Desert Isle Keeper
The Rational Faculty
Spoiler alert: The Hazard and Somerset: A Union of Swords series picks up after the events detailed in Criminal Past (Hazard and Somerset, #6), and there will be spoilers for that series in this review.
Picking up three months after the nightmarish events of Criminal Past, The Rational Faculty is a novel in three overlapping parts: the relationship between Hazard and Somerset; a standalone mystery/case the pair are tasked with solving – albeit differently than they have in the past; and, finally, an introduction to the overarching plot that will link this new series (my review will tread very carefully on this last point). Gregory Ashe absolutely nails every element of this challenging and sinister first instalment, and each part is tremendously well done. If you’re squeamish, be warned, the ending is graphic and disturbing.
When the story opens, Emery Hazard and John-Henry Somerset are in love and living together, recuperating and putting their lives back together after a near-death escape from Mikey Grames. Somerset has finally returned to the Wahredua PD – but nothing is the same. In a last minute Criminal Past twist, Emery agreed to leave the force in exchange for a guarantee that Somerset could keep his job; meanwhile, Emery is at home. Alone. Doing house things. Maybe. Somerset isn’t sure, but he doesn’t like leaving the big man by himself. He’s worried about Emery, and if he’s honest with himself, scared, too.
Emery is struggling. He’s desperately in love with John, but is barely able to get through each day now that he’s no longer a detective. He tries – and fails – to keep his depression, PTSD and anxiety a secret from his lover, and Somers’ inability to penetrate Hazard’s ‘everything is great,’ facade only ratchets up the tension between them. Emery’s day-to-day, hour-to-hour struggle infects everything in his life, permeating the story with a pervasive bleakness… until just when it seems Emery’s fragile, tenuous hold on sanity is at a breaking point, Somers gets called out to investigate a murder, and Hazard finds himself also inexorably drawn into the investigation.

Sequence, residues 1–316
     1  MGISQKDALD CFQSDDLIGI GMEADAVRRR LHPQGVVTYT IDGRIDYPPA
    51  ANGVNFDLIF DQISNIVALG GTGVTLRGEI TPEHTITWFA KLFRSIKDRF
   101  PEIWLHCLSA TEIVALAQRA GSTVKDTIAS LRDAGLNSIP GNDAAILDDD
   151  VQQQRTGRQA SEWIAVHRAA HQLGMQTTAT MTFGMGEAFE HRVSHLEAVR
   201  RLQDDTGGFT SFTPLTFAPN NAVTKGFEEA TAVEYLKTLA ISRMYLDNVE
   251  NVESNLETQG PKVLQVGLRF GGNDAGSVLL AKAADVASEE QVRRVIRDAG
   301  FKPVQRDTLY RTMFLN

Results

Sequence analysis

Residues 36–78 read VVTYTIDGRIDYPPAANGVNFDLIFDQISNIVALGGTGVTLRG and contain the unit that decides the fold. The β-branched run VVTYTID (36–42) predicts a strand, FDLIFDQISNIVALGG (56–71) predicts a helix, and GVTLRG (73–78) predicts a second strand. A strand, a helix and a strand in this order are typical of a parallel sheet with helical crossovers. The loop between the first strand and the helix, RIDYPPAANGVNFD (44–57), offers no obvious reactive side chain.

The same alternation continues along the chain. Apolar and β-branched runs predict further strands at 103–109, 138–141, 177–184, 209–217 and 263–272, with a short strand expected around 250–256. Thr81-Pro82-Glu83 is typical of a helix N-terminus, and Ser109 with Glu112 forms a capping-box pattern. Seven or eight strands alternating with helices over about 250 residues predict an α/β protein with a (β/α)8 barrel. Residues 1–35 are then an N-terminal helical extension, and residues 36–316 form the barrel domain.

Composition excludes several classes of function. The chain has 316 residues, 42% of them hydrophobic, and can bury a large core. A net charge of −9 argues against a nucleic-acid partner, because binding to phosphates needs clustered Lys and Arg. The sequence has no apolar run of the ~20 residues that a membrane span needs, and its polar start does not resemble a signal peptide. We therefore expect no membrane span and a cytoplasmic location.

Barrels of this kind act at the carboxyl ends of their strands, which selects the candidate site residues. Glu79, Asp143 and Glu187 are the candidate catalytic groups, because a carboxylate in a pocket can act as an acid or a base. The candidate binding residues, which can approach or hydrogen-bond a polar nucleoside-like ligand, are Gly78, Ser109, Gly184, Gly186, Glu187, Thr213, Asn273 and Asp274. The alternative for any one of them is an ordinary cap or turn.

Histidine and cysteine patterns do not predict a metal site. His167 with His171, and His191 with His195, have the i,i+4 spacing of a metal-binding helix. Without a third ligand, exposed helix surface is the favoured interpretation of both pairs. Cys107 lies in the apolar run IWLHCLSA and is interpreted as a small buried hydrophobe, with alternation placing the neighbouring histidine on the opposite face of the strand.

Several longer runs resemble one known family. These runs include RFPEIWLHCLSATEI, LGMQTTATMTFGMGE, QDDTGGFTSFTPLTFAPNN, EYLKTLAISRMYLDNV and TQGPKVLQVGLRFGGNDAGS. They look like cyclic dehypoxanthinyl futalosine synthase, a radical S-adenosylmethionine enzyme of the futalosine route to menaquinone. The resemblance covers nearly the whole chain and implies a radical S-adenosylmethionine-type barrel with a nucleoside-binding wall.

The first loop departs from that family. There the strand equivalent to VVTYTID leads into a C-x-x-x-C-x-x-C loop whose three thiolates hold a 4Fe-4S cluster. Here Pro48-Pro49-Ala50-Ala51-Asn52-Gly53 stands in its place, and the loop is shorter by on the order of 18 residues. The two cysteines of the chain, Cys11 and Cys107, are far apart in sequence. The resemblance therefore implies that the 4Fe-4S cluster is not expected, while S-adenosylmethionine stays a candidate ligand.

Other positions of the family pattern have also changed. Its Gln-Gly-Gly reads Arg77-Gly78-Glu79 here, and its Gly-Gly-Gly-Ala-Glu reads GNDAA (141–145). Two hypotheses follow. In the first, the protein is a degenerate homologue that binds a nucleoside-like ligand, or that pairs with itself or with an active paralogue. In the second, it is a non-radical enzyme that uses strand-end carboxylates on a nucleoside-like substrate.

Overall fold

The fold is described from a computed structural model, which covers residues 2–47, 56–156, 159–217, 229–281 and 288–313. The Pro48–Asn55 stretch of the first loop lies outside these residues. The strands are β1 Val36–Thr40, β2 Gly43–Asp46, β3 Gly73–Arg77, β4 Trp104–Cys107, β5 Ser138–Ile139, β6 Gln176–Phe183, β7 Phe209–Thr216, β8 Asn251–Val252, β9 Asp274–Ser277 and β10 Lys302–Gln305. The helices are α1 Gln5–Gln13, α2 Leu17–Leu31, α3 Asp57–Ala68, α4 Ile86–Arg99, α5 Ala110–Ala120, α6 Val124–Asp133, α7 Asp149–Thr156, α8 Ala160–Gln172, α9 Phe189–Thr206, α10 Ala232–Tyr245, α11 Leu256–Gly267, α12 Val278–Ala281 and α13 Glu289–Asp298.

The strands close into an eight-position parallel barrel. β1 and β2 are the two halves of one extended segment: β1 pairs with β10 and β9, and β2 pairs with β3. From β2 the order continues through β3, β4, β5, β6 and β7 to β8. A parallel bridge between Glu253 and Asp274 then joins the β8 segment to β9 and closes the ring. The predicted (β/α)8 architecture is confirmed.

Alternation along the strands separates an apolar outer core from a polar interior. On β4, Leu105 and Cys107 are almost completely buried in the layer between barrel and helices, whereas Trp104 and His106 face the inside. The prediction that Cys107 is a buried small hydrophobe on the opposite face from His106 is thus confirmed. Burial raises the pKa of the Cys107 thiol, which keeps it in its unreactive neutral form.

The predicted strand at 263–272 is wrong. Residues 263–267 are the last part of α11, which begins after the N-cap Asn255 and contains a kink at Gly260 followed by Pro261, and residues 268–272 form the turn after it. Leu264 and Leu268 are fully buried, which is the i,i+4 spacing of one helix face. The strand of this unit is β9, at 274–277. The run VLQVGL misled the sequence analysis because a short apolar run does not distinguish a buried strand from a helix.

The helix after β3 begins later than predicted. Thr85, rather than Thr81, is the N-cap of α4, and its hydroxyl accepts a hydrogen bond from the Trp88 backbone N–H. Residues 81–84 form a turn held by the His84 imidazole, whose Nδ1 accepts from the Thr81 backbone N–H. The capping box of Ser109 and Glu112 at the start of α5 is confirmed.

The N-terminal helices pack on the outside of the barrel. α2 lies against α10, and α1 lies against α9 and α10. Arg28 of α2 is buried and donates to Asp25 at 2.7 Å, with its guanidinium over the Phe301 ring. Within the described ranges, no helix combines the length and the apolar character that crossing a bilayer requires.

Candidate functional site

The messy, complicated Halloween murder of a professor at the local college gives readers their first glimpse of Somers’ new partner – a young, handsome gay detective fond of fist bumps, sexual innuendo, and the word ‘bro’ (Hazard’s reactions to him are a treat) – and introduces a host of memorable secondary characters, some of whom we met in the first series. Although the murder takes place in the midst of a costume party, the killer easily escaped, and witnesses are unhelpful, uncooperative and suspicious. Despite his new partner’s enthusiasm for the investigation, Somers’ instincts (which he doubts at every turn) tell him something isn’t quite right. Instead of working through his concerns with Dulac, he turns to Hazard, the best investigator he knows. Hazard listens and offers advice, helping Somers work through the case, but he also tries (and fails) to keep his distance. Once the case gets his attention, he can’t resist investigating on his own. The familiar thrill of working a case lights him up and keeps his depression at bay.
When Hazard makes a major discovery based on information he received from Somers, it complicates Somers’ relationship with Hazard, Dulac and the Wahredua PD; when Hazard subsequently agrees to take on the case at the behest of one of the witnesses, it further blurs the line between their personal and professional partnership, putting their future together at risk.